The Federal Government on Thursday hailed the United Nations Development Programme (UNDP) commitment to support the country in developing Investment and Financial Flow (I&FF) to effectively address climate change adaptation and mitigation.
Dr Mohammad Abubakar, Minister of Environment, disclosed this in Abuja on Thursday, August 26, 2021 while inaugurating Nigeria’s Long-term Low Emission Vision to 2050, Investment/Financial Flow Assessment Reports and Pledging Conference to support Youth Innovation for Climate Actions in Nigeria.
Abubakar said that the I&FF was for the purpose of conducting an assessment to determine the costs of climate change measures and potential sources of investment funds.
He said that the I&FF document would serve as a guidance note for government agencies as well as private sectors undertaking climate actions.
He added that, by using the I&FF methodology, countries could determine how to organise investment and financial flows efficiently.
According to him, the UNDP is supporting the ministry to developing the I&FF, towards achieving the global commitment in order to properly map resource mobilisation.
“The I&FF is also to aid decision makers to recognise the need for solid information on current and future climate change-related investments and financial flows, as well as their timing, sources and investment entities.
“The purpose of this meeting is to give an update on the progress we have made as a country in our global commitments towards reducing greenhouse gas (GHG) emissions under the UNFCCC process.
“We have submitted the 2021 revised Nationally Determined Contribution (NDC), under the Paris Climate Agreement, to which most of your MDAs made tangible contributions.
“This new submission has recommitted Nigeria to reducing emission by 20 per cent unconditionally but with a slight increase from 45 per cent to 47 per cent conditionally by the year 2030,’’ he said.
The minister said that through the NDC Partnership Climate Action Enhancement Package, the 2050 Pathways supported the ministry to develop its first Nigeria Long-Term Vision 2050.
“The support is as an initial and first useful step towards designing Long Term–Low Emission Development Strategies (LT-LEDS).
“The support provides Nigeria the forum to discuss the opportunities and challenges that may arise in terms of a cleaner, more dynamic, and more sustainable growth model.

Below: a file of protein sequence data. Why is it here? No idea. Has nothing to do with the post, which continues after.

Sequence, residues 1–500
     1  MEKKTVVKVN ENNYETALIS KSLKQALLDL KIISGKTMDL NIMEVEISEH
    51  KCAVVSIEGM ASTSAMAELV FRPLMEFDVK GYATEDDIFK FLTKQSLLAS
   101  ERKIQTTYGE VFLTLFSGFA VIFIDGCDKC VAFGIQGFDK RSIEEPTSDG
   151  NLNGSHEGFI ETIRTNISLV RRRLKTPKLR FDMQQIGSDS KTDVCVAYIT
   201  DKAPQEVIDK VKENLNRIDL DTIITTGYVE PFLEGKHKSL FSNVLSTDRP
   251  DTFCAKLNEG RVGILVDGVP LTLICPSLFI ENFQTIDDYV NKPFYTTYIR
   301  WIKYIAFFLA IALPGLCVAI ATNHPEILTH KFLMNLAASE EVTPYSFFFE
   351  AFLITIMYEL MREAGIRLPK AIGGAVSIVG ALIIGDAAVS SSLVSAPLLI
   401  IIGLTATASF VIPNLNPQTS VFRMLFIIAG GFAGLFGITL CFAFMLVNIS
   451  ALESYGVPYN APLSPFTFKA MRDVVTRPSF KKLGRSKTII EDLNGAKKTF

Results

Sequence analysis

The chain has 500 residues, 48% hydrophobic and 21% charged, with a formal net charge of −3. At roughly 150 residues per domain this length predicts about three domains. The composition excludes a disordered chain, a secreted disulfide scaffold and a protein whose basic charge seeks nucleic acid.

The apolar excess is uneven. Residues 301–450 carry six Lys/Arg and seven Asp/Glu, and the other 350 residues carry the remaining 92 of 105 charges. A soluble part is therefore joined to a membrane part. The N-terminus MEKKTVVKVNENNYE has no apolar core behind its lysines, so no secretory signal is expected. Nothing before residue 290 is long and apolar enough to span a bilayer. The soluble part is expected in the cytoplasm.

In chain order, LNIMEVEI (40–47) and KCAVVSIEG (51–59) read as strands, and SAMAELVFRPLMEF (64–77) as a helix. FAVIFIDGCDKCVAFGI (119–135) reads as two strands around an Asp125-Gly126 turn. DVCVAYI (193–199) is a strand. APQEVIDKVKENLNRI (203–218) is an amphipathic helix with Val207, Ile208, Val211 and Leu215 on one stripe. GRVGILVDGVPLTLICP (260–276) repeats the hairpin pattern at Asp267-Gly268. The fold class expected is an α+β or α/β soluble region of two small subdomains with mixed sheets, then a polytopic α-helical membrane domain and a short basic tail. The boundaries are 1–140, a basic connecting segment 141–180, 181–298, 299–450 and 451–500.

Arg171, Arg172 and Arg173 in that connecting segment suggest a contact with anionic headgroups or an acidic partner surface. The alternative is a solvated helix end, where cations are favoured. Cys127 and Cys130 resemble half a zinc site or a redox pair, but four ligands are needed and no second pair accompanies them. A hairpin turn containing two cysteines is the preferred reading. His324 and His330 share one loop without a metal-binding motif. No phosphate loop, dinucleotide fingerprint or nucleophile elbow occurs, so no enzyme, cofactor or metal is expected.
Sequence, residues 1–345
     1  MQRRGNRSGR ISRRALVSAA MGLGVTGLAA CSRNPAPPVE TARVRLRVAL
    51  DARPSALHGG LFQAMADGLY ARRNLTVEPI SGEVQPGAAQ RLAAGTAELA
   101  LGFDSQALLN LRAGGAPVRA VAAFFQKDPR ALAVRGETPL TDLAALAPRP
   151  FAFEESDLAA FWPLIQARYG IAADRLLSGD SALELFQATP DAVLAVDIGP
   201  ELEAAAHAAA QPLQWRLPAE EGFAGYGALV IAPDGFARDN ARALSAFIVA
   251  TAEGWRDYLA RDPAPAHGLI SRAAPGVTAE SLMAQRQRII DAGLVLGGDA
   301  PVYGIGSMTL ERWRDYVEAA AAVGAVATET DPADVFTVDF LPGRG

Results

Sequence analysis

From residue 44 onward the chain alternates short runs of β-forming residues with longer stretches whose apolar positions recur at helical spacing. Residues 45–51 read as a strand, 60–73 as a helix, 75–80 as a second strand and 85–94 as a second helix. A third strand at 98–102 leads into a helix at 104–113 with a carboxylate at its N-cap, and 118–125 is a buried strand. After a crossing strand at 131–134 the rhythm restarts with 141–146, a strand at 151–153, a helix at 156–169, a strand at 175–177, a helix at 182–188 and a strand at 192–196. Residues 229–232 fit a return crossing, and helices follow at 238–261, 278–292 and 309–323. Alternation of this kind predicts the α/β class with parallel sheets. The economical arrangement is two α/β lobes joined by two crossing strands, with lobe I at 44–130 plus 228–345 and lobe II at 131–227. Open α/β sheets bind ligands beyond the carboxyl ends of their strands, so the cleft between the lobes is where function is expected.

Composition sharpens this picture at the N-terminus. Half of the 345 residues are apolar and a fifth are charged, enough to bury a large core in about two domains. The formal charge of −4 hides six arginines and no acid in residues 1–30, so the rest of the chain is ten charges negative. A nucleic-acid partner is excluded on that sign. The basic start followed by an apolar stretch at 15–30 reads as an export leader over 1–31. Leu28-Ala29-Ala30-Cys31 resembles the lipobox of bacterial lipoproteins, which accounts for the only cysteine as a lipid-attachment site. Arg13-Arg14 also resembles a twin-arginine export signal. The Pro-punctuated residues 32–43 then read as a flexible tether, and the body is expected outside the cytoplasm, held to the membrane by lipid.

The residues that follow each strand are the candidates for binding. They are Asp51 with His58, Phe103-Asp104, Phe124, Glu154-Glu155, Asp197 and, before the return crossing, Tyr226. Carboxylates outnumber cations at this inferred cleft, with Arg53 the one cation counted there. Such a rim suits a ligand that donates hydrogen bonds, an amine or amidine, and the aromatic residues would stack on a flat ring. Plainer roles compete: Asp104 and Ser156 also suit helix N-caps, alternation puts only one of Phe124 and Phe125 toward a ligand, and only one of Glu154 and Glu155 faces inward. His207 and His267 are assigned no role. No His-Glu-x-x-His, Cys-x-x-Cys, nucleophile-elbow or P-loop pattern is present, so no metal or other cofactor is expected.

“The process also provides the options for the country to implement a less carbon-intensive model of economic development in the face of decreasing global reliance on fossil fuel energy for development practices.
“It is hoped that this vision will promote sustainable development and guarantee a climate proofed economy through multi-stakeholders’ engagement across multiple sectors,’’ he said.
Abubakar said that Nigeria was committed to empowering citizens by engaging in climate actions, through youth engagements, education, training, public awareness, public participation, public access to information and international cooperation.
He commended the youth for their tremendous input into promoting climate actions, adding that the efforts must be encouraged at all levels across the country.
He appealed to all political elites to support the youth for climate innovation and solutions.
“As we launch the National Youth Climate Innovation Hub Reports, pledges and support are expected in all forms to optimise the energy and creativity of the Nigerian youth and make the innovative hub fully functional.’’
Chief Sharon Ikeazor, Minister of State for Environment, said that Nigeria was committed to fulfilling its pledge to combat climate change along with the international community through the Paris Climate Agreement.
Ikeazor said that undertaking such determination would require significant investment from both domestic and international sources with end-to-end contributions from private and public sectors.
“To appreciate the size of the investment that will be required for climate change mitigation and adaptation measure.
“Nigeria, through support from the UNDP, hired experts which included Climate Change Scientists, Data and Statistical Analysts, Economists and Financial Experts.
“The team was tasked with the assessment and analysis of the expected Investment and Financial Flows (I&FF) to achieve the emission reduction targets.
“According to assessment which provides an estimation of costs on capital investment, operations, maintenance, and other financial requirements towards achieving this task albeit starting from a base year of 2015 to 2030 which put the figure required to be $547,035 billion.
She said that the amount was needed to implement priority actions such as ending gas flaring by capturing and commercialising flared gas by 2030.
She said it was also for switching the use of power generators running on premium motor spirit and automotive gas oil towards Liquefied Petroleum Gas/Compressed Natural Gas.
The minister said that it was also for increasing renewable energy generation up to 13GW for grid, mini-grid and off grid connections by 2030.
She said that one of the goals of the government was to incentivise climate actions, creating economic value from the adaptation and mitigation actions that would be undertaken by the public and private sectors.
By Oluwatoyin Akinwande and Vivian Emoni